Imagine standing up with your feet together. If you were pushed over, you would almost certainly topple down. However, stand with your legs much wider than your shoulders and you will be much more resistant to force. This is a similar principle to that of the Incas’ trapezoidal buildings, which featured walls and windows built on an angle that provided resistance to force. The windows of Machu Picchu seen below are typical of Inca structures, having a wider base than top.

These trapezoidal windows overlook the steep mountains surrounding Machu Picchu. Photo © Caroline Cervera. Inca architecture
These trapezoidal windows overlook the steep mountains surrounding Machu Picchu. Photo © Caroline Cervera.

Similarly, the angle can be seen in the wall of this building. In an earthquake-prone region like the Andes, this feature is invaluable.

This wall built using the trapezoidal principle still stands at Qurikancha, an Inca temple of the sun in Cusco. Photo © Caroline Cervera. Inca architecture
This wall built using the trapezoidal principle still stands at Coricancha, an Inca temple of the sun in Cusco. Photo © Caroline Cervera.

The room above is at Coricancha, a temple which was partially destroyed by the Spaniards after their conquest of the empire. This temple dedicated to Inti, the Inca sun god, became a Catholic cathedral to assert Spanish dominance over the local population. The juxtaposition of the Spanish and Inca architecture can be seen here, showing how the two vastly different cultures met and clashed during the 16th century conquest and colonial period.

Inca and colonial architecture side-by-side in Qurikancha. Photo © Caroline Cervera. Inca architecture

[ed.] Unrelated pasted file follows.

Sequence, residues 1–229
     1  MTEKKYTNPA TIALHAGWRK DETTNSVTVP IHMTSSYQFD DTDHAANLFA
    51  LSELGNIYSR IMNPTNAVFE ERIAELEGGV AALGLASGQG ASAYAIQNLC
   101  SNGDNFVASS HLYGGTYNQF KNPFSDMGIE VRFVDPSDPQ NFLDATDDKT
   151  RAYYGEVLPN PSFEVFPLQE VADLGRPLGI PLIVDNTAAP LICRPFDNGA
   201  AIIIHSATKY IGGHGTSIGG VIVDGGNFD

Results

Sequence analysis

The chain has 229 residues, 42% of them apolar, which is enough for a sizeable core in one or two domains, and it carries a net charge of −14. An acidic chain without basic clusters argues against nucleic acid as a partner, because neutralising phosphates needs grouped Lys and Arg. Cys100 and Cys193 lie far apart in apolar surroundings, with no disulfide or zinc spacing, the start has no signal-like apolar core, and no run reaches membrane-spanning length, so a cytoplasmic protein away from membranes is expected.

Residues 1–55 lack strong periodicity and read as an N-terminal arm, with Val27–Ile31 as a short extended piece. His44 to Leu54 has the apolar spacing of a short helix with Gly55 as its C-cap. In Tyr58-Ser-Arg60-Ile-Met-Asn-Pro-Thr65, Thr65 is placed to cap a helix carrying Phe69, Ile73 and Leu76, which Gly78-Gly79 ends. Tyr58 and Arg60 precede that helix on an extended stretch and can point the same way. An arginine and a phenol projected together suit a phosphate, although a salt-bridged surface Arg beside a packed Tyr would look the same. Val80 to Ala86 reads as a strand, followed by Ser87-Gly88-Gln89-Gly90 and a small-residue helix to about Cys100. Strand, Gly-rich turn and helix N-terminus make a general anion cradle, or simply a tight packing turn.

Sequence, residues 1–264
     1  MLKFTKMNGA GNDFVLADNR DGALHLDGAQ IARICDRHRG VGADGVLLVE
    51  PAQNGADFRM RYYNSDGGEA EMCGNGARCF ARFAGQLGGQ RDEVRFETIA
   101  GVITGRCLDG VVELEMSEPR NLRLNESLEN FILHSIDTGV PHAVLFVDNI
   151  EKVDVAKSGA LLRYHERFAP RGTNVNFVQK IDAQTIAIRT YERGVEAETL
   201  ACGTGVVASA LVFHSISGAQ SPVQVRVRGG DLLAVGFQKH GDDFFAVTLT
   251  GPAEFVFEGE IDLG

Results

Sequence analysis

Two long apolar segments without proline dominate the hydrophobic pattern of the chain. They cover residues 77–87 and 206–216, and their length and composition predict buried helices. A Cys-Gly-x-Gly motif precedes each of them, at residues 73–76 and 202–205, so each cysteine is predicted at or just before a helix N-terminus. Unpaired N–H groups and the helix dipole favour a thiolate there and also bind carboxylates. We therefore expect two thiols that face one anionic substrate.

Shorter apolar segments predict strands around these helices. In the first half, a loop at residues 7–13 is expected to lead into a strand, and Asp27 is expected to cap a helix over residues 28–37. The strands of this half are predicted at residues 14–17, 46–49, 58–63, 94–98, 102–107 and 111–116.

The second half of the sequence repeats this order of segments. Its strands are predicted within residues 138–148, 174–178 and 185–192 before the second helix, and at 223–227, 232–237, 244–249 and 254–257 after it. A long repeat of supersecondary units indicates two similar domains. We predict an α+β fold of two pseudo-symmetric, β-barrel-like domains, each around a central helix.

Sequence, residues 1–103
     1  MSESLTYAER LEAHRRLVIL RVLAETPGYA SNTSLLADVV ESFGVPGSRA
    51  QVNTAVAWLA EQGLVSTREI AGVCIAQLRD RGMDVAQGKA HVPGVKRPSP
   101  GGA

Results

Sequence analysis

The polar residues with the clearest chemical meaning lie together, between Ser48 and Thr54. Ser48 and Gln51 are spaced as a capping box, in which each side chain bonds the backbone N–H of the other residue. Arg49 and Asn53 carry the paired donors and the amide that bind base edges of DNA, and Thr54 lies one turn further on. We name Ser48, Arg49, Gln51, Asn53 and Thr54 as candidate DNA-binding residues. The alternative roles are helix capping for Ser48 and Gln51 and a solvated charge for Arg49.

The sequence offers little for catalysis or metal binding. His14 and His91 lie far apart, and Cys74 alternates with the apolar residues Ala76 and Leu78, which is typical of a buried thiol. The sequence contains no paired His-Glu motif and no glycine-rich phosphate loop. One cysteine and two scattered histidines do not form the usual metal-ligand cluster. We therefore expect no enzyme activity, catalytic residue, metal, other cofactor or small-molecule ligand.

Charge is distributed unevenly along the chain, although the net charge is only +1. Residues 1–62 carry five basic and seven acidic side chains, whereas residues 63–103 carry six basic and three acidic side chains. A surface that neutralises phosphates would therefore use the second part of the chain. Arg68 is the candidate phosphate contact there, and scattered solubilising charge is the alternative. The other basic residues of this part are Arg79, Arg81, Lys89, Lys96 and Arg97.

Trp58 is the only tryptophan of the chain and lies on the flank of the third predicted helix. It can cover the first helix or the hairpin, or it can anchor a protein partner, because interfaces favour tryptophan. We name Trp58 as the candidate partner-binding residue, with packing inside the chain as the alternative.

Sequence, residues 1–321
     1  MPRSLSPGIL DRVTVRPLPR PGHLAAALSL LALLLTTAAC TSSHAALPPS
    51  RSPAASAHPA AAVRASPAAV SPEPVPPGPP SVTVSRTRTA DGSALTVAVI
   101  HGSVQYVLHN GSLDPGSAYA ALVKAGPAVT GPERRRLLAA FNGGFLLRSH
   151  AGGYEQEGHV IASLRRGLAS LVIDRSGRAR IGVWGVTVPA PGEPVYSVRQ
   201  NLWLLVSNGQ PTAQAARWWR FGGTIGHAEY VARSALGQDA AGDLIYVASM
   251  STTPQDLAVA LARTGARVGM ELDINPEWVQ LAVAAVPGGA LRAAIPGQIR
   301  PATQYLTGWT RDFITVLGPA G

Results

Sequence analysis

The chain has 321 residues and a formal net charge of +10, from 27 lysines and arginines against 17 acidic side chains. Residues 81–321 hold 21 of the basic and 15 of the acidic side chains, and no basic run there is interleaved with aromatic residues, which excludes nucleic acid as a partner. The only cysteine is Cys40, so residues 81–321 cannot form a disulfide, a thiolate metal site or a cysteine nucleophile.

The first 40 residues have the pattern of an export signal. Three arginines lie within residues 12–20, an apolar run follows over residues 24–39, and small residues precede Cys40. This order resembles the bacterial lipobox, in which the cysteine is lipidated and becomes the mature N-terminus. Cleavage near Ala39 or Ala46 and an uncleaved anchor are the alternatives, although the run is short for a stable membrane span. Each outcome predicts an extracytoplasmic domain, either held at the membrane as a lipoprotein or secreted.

Inca and colonial architecture side-by-side in Coricancha. Photo © Caroline Cervera.

Inca Agricultural Laboratory

This terraced, circular structure was the site of an early open-air agricultural laboratory and perhaps one of the Incas’ greatest inventions. At its height, the Inca Empire encompassed an estimated 12 million inhabitants from the coastal desert to snow-capped mountains. This called for an immense amount of agricultural engineering to feed the population, some of which took place at Moray.

Maras Moray, a site of immense innovation and creativity, is located high in the mountains of Peru. Photo © Caroline Cervera. Inca architecture
Maras Moray, a site of immense innovation and creativity, is located high in the mountains of Peru. Photo © Caroline Cervera.

The site lies at approximately 11,600 feet above sea level (3,534 m) and the entire complex spans approximately 400 feet of altitude. As a result, the climate varies significantly between the top and bottom level. Visitors can feel the difference in their bodies as they move up and down the structure. The Incas would plant a new crop, such as maize (corn), at their native altitude and allow them to breed for some time.

Glaciers lie in the distance behind the Inca agricultural laboratory at Moray. Photo © Caroline Cervera.
Glaciers lie in the distance behind the Inca agricultural laboratory at Moray. Photo © Caroline Cervera.

Once they adapted to that altitude, they would move the crop up to the next level, where it would spend time adapting to the new climate. The process continued as it moved up the mountainside and ascended up to 400 feet. Such innovation shows a remarkable knowledge of agriculture, architecture, and engineering. The effects of such agricultural ingenuity are seen today in the thousands of thousands of varieties of corn, potato, and other agricultural products that continue to be staples of the Andean diet just as they were during the Inca period.

Many thanks to the fantastic and informative Abrahan Quispe Corrales, my guide in Cusco and the surrounding area.